The effect of Hibiscus sabdariffa on total cholesterol varied. One brief 15 day study reported a significant increase in total cholesterol among hypertensive patients administered Hibiscus sabdariffa 87). In this same study, HDL “good” cholesterol increased and triglyceride and LDL “bad” cholesterol values remained unchanged. Of the remaining 4 studies, one showed no significant change in total cholesterol and the month long studies showed significant decreases in total cholesterol among participants with hypertension, metabolic syndrome and those receiving the two lower doses of Hibiscus sabdariffa 88), 89), 90). Hibiscus sabdariffa significantly increased beneficial HDL “good” cholesterol levels in participants with and without metabolic syndrome 91) and hypertension 92). LDL “bad” cholesterol was significantly decreased as a result of the consumption of Hibiscus sabdariffa in participants with metabolic syndrome 93), hyperlipidemia 94) and type 2 diabetes 95). Triglyceride levels were significantly decreased by Hibiscus sabdariffa in participants with hyperlipidemia 96), type 2 diabetes 97), and without metabolic syndrome 98).
Most studies did not make clear the type of randomized clinical trial being conducted and in many cases there were study design problems. In several randomized clinical trials black tea was used as the comparator, as opposed to a placebo, making the results difficult to interpret because of the active pharmacological properties of black tea. McKay and colleagues’ 99) in the only placebo-controlled trial to date provided a notable exception to this trend by using a placebo drink that was non-active and is used in the beverage industry to mimic the flavor of Hibiscus sabdariffa tea in commercially prepared drinks. In some comparative effectiveness trials it was difficult to compare effectiveness between treatments because the medication was not administered as directed by doctors 100), whereas other trials provided realistic comparators. The results from the study on dose response are difficult to interpret because the baseline values for total cholesterol differed substantially between groups 101).
Additionally, there were several problems specific to the cholesterol randomized clinical trials. Differences between groups were impossible to assess because none of the studies included effect sizes or statistical analyses of the between-group differences. Another problem with most of the cholesterol trials was short study duration with 4 trials lasting 15 days to 30 days and only one trial of a longer 90 day duration. In general, lipid profiles can take up to 2 months to reflect meaningful change in patients given statin medication or modifications to their diet and lifestyle 102). The hypertension trials selected patient populations with mild to moderate hypertension with only one study providing the additional condition of diabetes, whereas the patient populations in the cholesterol trials had an array of conditions, many of which did not include elevated cholesterol, making it difficult to assess the effectiveness of Hibiscus sabdariffa in treating hyperlipidemia.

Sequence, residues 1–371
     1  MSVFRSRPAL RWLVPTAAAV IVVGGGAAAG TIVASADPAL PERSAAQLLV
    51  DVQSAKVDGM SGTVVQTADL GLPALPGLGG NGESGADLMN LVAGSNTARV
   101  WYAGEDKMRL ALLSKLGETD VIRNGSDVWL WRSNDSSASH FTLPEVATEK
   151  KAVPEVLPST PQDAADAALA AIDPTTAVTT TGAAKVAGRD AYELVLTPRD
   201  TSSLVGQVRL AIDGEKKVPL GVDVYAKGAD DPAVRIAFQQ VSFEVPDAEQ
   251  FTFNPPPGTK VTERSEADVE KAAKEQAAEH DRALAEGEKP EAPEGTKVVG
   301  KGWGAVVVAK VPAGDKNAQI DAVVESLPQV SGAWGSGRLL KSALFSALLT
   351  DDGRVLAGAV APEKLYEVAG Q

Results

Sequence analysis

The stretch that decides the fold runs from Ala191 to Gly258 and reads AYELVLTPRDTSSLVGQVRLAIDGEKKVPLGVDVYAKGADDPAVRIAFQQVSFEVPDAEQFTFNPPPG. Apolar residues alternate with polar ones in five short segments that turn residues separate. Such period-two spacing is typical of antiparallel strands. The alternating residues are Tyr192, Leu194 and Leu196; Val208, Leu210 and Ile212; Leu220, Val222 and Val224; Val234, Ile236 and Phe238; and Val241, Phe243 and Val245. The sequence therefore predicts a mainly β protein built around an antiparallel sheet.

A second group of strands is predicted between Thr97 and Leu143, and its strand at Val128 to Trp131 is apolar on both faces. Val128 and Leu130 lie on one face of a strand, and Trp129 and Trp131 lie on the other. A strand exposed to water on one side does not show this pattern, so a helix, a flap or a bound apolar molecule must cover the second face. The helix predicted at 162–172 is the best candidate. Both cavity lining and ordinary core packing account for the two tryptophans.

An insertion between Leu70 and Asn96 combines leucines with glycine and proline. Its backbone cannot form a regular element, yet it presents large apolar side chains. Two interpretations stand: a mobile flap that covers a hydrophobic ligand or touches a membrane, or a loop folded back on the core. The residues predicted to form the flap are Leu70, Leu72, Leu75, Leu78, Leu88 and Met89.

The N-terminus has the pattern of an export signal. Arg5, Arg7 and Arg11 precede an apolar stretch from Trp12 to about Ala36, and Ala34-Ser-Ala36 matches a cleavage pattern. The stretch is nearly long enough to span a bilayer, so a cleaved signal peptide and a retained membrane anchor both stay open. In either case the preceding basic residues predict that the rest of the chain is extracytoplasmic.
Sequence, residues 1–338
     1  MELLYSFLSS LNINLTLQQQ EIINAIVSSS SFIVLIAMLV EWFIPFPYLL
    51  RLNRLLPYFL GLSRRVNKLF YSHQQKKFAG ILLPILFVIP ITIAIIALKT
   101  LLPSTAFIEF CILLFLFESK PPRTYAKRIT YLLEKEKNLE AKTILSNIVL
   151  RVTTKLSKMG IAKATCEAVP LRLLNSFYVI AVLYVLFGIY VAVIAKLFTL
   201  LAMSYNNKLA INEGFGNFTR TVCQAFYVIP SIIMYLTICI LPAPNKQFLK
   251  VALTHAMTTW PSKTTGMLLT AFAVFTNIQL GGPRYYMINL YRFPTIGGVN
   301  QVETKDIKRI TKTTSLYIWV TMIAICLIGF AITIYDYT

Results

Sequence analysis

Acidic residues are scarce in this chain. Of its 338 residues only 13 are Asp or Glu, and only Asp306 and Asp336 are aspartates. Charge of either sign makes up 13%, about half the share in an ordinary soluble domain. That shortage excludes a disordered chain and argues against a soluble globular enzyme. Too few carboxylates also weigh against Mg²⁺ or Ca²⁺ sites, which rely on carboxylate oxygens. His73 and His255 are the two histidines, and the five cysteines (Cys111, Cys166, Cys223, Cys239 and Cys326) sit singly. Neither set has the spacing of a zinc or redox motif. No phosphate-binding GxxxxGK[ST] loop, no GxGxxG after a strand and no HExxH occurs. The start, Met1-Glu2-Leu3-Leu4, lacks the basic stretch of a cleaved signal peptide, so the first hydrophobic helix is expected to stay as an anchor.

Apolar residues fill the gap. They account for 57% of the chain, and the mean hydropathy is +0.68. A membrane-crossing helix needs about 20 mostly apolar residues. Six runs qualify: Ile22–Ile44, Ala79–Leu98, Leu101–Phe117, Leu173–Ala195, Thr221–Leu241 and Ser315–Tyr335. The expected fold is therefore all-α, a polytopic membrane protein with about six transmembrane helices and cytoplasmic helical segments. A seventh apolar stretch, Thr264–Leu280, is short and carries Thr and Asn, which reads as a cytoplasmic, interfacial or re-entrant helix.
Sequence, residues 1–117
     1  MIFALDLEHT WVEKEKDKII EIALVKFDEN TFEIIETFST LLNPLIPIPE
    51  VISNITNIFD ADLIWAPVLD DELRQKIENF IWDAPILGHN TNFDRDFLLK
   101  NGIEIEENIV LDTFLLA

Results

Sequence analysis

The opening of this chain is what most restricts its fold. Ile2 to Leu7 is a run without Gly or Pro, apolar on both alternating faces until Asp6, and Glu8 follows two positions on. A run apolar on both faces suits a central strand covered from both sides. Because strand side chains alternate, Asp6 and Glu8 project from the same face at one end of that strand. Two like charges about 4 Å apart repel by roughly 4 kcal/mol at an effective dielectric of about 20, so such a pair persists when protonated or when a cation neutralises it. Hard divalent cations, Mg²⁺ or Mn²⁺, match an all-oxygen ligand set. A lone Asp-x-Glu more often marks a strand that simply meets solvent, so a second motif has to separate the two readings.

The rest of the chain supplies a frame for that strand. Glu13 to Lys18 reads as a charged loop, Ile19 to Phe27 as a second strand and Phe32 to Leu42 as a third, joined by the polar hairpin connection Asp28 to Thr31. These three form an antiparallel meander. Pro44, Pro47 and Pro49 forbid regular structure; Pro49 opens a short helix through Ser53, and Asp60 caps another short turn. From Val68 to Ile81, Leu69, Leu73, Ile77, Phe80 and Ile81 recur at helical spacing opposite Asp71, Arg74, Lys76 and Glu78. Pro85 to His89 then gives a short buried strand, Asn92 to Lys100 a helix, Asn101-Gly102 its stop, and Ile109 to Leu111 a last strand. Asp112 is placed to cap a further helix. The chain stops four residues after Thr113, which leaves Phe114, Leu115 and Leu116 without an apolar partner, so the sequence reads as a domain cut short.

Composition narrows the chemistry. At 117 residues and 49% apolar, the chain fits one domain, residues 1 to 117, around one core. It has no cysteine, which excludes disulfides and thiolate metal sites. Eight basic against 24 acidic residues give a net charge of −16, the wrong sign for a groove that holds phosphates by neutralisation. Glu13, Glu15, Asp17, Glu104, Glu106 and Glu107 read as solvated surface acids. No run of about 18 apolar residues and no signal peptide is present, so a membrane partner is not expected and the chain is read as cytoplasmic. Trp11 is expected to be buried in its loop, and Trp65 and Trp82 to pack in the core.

There were also several problems with the preparation of Hibiscus sabdariffa. Many of the studies did not report the part of the plant that was used in the preparation. Kuriyan and colleagues 103) used the leaves in their extract without explanation, whereas the calyxes are most commonly used in Hibiscus sabdariffa preparations. In addition, the amount of Hibiscus sabdariffa used in preparations and the dose administered varied greatly with Mohagheghi and colleagues 104) choosing to use an extremely small amount of Hibiscus sabdariffa calyxes in the preparation per dose and many of the studies failing to include any measure of marker constituents. The absence of information related to product content and the method of preparation and the lack of uniformity of extracts made it difficult to compare findings between studies. In addition, the lack of information regarding ethnobotanical use made it difficult to determine the relationship between the studies and traditional therapeutic use.
Table 5. Cholesterol and Hibiscus sabdariffa randomized clinical trials and effects on total cholesterol, HDL-C, LDL-C, and triglycerides
|Primary author, year||Condition||Sample size||Substance||Plant part||Extract mode||Dose||# of doses per day||Days dose taken||TC (SD)||HDL-C (SD)||LDL-C (SD)||TG (SD)|
|0||206 (39)||44.3 (8.3)||130.8 (29)||153.5 (59)|
|Mohagheghi, 2011 105)||Hyperten||45 (42)||HS||C||W||.015/2a||2||15||212 (37)||46 (7.2)||133.2 (26)||157.5 (58)|
|0||202.6 (41.6)||41.6 (10.3)||124.1 (41.7)||148.0 (61.3)|
|Gurrola-Diaz, 2010 106)||None||26 (26)||HS||C||A||100b||1||30||197.5 (37.0)||45.8 (9.3)||124.5 (35.5)||113.8 (54.1)|
|0||199.8 (40.5)||32.0 (5.8)||130.1 (34.8)||172.3 (107.4)|
|Gurrola-Diaz, 2010 107)||MeSy||18 (18)||HS||C||A||100b||1||30||179.7 (21.2)||44.5 (8.3)||104.1 (20.4)||137.6 (62.1)|
|0||207.1 (32.5)||42.0 (9.4)||155.3 (13.9)||159.9 (90.6)|
|Kuriyan, 2010 108)||Hyperlip||30 (28)||HS||L||A||500b||2||90||198.5 (33.2)||42.6 (8.9)||127.6 (24.1)||143.3 (73.9)|